In a cascade of notices, the State Water Resources Control Board told junior water-rights holders in the state’s major watersheds last week to immediately stop diverting water. The board said extreme drought leaves the watersheds without enough water to serve all water-rights holders.
Cutoff notices went to about 2,700 junior water-rights holders in the Sacramento River watershed and northern delta; nearly 700 in the Russian River watershed, upstream of the Dry Creek confluence; and about 1,600 junior water-rights holders in the San Joaquin River watershed and southern delta.
Water-rights holders receiving curtailment notices were given seven days to file confirmation they’ve ceased diversion to avoid “unnecessary enforcement proceedings.”
The water board said the cutoffs will last until further notice, and warned that water-rights holders in other watersheds and those holding senior rights could face cutoffs in coming weeks.
“California farmers and ranchers know better than anybody that rains haven’t come in abundance for the last couple of years,” said Chris Scheuring, California Farm Bureau Federation environmental attorney. “But, as painful as curtailment is for many family farmers, the state board is trying to do its job, which is to administer surface water rights developed after 1914 on the basis of seniority, and curtail junior rights first when there’s not enough water to serve everybody.”
The state’s water-rights system has been established and tested in the courts to arrive at a defined approach to water allocation in times of shortage, he said, “and that’s very important in the current drought, which is among the most severe ever recorded.”
But, while the board’s action was not unexpected, Scheuring said, “there are issues of due process, the board’s methods for calculating supply and demand, how it quantifies public trust and public health and safety needs, and how voluntary curtailment agreements already in place will be handled.”
Future shortages could be avoided or minimized through construction of additional water storage and appropriate reform of regulations that have limited storage in existing reservoirs, he said.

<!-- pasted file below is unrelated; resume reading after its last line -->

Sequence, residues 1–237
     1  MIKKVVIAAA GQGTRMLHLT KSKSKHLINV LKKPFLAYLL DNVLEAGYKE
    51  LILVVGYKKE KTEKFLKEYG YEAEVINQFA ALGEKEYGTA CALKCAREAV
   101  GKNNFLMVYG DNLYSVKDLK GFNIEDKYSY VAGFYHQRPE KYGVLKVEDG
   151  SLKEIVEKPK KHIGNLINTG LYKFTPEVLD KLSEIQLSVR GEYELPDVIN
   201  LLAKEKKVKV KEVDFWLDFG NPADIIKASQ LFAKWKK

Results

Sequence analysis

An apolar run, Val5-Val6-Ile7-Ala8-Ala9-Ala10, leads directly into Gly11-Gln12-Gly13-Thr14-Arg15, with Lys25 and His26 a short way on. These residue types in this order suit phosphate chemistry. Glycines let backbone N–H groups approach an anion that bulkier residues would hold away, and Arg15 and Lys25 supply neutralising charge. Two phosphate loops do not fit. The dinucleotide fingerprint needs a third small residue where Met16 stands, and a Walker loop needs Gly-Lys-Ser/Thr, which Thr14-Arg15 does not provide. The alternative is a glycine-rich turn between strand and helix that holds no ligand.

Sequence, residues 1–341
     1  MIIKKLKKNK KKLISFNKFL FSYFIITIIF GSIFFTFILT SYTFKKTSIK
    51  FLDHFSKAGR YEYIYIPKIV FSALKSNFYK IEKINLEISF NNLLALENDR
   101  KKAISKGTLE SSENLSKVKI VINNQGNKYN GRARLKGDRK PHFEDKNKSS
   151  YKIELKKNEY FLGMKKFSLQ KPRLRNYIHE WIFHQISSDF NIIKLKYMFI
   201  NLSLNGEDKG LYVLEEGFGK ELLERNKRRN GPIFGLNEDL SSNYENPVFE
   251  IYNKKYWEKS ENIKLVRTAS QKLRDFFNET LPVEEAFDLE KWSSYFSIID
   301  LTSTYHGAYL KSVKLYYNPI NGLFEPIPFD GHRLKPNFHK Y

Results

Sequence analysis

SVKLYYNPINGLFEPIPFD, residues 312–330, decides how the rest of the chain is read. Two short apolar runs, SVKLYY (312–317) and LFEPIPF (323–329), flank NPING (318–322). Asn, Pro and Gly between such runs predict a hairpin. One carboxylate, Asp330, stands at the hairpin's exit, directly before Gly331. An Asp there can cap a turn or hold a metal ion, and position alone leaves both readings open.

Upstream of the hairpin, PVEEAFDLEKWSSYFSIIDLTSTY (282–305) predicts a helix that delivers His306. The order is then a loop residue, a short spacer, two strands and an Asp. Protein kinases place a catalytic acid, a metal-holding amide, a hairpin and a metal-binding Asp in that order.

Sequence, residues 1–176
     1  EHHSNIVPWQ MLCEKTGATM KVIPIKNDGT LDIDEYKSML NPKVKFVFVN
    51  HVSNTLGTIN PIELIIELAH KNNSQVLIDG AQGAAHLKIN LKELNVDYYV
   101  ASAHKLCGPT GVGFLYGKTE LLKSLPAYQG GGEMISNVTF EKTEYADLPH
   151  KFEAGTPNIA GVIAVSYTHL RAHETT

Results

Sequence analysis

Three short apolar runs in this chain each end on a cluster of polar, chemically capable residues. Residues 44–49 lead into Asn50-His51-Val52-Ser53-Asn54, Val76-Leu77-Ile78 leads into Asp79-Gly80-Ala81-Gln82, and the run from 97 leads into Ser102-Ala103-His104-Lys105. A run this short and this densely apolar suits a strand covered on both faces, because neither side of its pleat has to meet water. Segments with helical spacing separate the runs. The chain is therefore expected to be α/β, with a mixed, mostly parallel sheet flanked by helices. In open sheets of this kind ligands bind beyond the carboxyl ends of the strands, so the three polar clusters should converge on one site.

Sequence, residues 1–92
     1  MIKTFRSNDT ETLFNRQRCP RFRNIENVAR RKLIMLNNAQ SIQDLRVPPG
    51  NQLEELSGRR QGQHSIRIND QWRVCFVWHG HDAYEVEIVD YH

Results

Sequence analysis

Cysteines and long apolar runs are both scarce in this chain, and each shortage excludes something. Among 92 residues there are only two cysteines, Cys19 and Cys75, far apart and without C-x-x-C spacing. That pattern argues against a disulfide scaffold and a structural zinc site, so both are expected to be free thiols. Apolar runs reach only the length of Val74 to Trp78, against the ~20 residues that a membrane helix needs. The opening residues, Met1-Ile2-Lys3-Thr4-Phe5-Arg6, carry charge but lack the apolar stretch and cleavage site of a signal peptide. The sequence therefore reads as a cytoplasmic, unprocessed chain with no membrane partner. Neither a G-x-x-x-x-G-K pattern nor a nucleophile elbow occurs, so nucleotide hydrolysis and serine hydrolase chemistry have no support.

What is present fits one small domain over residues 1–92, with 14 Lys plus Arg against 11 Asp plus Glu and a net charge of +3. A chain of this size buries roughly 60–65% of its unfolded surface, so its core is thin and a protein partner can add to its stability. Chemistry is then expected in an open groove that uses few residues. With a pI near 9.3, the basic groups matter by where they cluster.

The water board acknowledged water-rights holders in several watersheds—including much of the lower San Joaquin River Basin and southern delta—are developing local, cooperative agreements to share available water and avoid curtailment. The board said it would consider honoring these voluntary agreements, as long as they don’t result in water being taken from more senior water-rights holders or unreasonably harm fish and wildlife.
The Sacramento Valley curtailments target water diversions in creeks and rivers draining to the Sacramento River and the northern delta. The watersheds where curtailments are occurring include the Pit, McCloud, Feather, Yuba and American rivers, as well as the Sacramento River Delta.
From the perspective of water rights holders in the Sacramento Valley, David Guy, executive director of the Northern California Water Association, said curtailments were not unexpected.
“We’ve looked at the hydrology and think there’s justification for the post-1914 curtailments,” he said. “But, as we look at supplies and the rights of pre-1914 and riparian water rights holders, it becomes very tricky. I don’t think the state water board has the hydrologic justification for that (additional curtailment) right now.”
Guy said people with water in storage need to remember that previously stored water is not subject to curtailment.
“What this kind of year shows us is that water storage, like in a (proposed) Sites Reservoir, would add a tremendous amount of value,” he said. “If we had Sites online this year, there’s a good chance we’d have 400,000 acre-feet to 500,000 acre-feet of water. Wouldn’t it be nice to have that water sitting upstream right now?”
Junior water-rights holders in the San Joaquin River watershed also were told to stop diverting water and allow it to flow to more senior water-right holders, as required by state law.
Stanislaus County rancher Tom Orvis said his family’s ranch takes no stream diversions and faces the drought without supply alternatives beyond what water is stored in stock ponds.
“But, at the same time, we also see water being released at near-flood stage levels on the Stanislaus River to meet environmental requirements,” said Orvis, who directs government affairs for the Stanislaus County Farm Bureau. “In a drought emergency, that doesn’t make sense and the public knows it. There has to be a better balance between human needs and environmental needs.”
The curtailment notices sent last week advise suppliers of water for municipal or individual users to contact the state water board Division of Water Rights regarding emergency needs for continuing diversions to meet limited public health and safety requirements when there is no other supply available. Many of these suppliers also have other water sources, the board said, such as local storage, groundwater, recycled water or stormwater.
Information and links about the curtailments are available from the California Water Crisis webpage at www.cfbf.com.